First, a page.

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Hubble Captures First Surface Views of Remote Planet Pluto

March 8, 1996

WASHINGTON (AP) _ New telescopic images of Pluto show that the distant planet is a place of frozen gases, icy polar caps and clusters of bright and dark features that astronomers can’t explain.

The Hubble Space Telescope photos, in which Pluto resembles a fuzzy soccer ball, have excited astronomers who say they show the planet is a place of surprises and mysterious processes.

``We can see from the images that Pluto is the most variegated, contrasty object in the outer solar system,″ said Alan Stern, an astronomer at the Southwest Research Institute in Boulder, Colo.

He said the images confirm the belief of experts that Pluto is one of the strangest of the nine planets orbiting the sun.

Bright patches of white on Pluto, a frozen world 29 times farther from the sun than is the Earth, are probably fields of frozen nitrogen, while the dark patches may be hydrocarbons from the chemical splitting and freezing of methane, Stern said.

``Pluto never fails to surprise,″ said Bruce Margon, an astronomy professor at the University of Washington.

``It is like an icy little dwarf on the outskirts of the solar system,″ said Anne L. Kinney of the Space Telescope Institute in Baltimore.

Discovered just 66 years ago, Pluto was the last of the solar system planets to be identified. It’s moon, Charon, was found in 1978, and it was not until 1988 that scientists discovered Pluto had an atmosphere.

Pluto is so strange that some astronomers have argued that it isn’t really a planet, but some other object, such as an asteroid.

``It is a planet,″ said Stern. ``It is round, it has a satellite (a moon), it has an atmosphere. There’s only a minority view that it is not a planet.″

Pluto is turned on its side, in relation to its orbit. This is the result, astronomers believe, of a gigantic collision with a comet or an asteroid that caused the small planet to tilt.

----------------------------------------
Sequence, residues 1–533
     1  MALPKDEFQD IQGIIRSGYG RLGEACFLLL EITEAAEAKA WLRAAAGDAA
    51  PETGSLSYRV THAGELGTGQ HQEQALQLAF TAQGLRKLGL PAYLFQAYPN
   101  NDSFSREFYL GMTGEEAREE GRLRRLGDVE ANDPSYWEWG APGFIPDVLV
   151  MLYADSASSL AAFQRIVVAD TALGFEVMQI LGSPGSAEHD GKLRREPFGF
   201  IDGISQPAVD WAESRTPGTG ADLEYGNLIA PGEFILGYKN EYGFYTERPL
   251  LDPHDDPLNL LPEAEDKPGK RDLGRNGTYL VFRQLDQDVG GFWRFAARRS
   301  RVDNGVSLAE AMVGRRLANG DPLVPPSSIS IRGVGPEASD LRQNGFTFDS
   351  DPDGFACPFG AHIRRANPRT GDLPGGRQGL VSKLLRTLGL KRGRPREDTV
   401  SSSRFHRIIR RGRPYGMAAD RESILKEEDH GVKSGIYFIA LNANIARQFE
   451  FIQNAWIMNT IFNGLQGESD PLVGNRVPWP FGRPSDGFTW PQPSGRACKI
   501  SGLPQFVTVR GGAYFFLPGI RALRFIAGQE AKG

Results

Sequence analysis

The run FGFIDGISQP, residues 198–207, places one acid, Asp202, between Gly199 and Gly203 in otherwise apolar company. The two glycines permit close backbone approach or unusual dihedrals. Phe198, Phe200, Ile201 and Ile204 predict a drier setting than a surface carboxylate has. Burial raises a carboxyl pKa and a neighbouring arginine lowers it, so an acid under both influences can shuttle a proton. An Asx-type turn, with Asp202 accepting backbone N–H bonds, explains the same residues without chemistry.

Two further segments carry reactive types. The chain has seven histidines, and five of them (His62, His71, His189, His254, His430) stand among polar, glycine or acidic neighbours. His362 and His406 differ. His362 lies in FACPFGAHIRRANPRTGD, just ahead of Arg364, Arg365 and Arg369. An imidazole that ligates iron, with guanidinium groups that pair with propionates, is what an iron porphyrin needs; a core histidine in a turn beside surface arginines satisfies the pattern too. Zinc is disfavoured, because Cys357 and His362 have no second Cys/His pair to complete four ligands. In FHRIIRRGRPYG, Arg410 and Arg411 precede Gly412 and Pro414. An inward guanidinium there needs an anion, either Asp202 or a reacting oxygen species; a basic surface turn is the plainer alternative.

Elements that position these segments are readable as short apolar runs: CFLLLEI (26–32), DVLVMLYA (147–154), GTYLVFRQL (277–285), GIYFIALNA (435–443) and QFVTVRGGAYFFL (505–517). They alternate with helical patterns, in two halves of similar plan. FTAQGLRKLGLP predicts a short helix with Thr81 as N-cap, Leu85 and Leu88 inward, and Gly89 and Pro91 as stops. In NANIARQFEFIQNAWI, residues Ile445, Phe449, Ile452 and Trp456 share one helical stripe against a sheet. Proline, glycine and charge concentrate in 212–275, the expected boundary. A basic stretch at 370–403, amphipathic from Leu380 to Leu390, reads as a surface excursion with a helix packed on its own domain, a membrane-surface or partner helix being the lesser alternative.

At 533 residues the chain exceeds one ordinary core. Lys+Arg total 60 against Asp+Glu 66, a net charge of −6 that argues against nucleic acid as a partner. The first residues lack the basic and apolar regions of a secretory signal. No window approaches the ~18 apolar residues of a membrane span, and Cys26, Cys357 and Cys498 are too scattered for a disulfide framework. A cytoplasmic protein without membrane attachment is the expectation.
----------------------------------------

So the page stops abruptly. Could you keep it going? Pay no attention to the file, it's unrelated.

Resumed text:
The planet is about two-thirds the size of the Earth’s moon and is so far from the sun that sunlight on its surface is about as intense as moonlight is on Earth. Temperatures on Pluto drop to about minus 380 degrees Fahrenheit when the planet is at its farthest from the sun. Pluto made its closest approach to the sun in 1989 and temperatures rose to a balmy minus-350.

Stern said the slight thaw caused some nitrogen ice to evaporate into the atmosphere. He said that over the next few years Pluto will again cool and the gases will ``snow″ back on the surface, perhaps covering some the dark spots seen in the Hubble photos.

Before the photos by the Earth-orbiting Hubble, Pluto had been seen as just a tiny spot of light faintly detected, 4 billion miles from Earth.

The new pictures, which astronomers said pushed the Hubble to the very limit of its ability, aren’t good enough to determine if Pluto has mountains and valleys like those on Earth and Mars.

Pluto takes 248 years to circle the sun and during all but 20 of those years it is the farthest out of all the planets. It crossed inside the orbit of Neptune in 1979. In three years, it will again move out to resume its most-distant place.

A robot craft, called the Pluto Express, is scheduled to be launched toward Pluto in the next decade, but it will take 10 to 12 years for the craft to reach the planet.

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